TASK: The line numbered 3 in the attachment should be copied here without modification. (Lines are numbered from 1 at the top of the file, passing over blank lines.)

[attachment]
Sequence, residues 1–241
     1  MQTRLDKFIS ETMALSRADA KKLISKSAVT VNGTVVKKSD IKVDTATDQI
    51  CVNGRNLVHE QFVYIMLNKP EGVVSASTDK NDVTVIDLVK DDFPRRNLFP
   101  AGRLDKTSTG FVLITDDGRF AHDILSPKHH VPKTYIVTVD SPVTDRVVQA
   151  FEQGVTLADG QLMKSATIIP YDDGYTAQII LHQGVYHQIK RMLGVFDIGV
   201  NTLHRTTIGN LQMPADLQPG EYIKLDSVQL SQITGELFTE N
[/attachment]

    51  CVNGRNLVHE QFVYIMLNKP EGVVSASTDK NDVTVIDLVK DDFPRRNLFP